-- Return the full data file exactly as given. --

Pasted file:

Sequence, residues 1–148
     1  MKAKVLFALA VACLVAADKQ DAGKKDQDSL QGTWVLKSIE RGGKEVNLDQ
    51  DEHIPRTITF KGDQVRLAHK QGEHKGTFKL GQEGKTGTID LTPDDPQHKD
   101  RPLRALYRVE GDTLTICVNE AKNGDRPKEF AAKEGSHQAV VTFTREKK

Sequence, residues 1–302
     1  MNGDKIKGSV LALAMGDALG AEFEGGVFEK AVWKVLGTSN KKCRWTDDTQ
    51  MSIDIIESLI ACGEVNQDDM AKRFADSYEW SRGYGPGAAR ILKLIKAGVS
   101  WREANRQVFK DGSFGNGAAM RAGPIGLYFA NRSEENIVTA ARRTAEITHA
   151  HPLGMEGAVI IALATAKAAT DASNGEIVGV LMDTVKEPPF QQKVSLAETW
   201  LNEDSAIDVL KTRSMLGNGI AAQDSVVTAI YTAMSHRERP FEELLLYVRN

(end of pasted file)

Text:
Sequence, residues 1–148
     1  MKAKVLFALA VACLVAADKQ DAGKKDQDSL QGTWVLKSIE RGGKEVNLDQ
    51  DEHIPRTITF KGDQVRLAHK QGEHKGTFKL GQEGKTGTID LTPDDPQHKD
   101  RPLRALYRVE GDTLTICVNE AKNGDRPKEF AAKEGSHQAV VTFTREKK

Sequence, residues 1–302
     1  MNGDKIKGSV LALAMGDALG AEFEGGVFEK AVWKVLGTSN KKCRWTDDTQ
    51  MSIDIIESLI ACGEVNQDDM AKRFADSYEW SRGYGPGAAR ILKLIKAGVS
   101  WREANRQVFK DGSFGNGAAM RAGPIGLYFA NRSEENIVTA ARRTAEITHA
   151  HPLGMEGAVI IALATAKAAT DASNGEIVGV LMDTVKEPPF QQKVSLAETW
   201  LNEDSAIDVL KTRSMLGNGI AAQDSVVTAI YTAMSHRERP FEELLLYVRN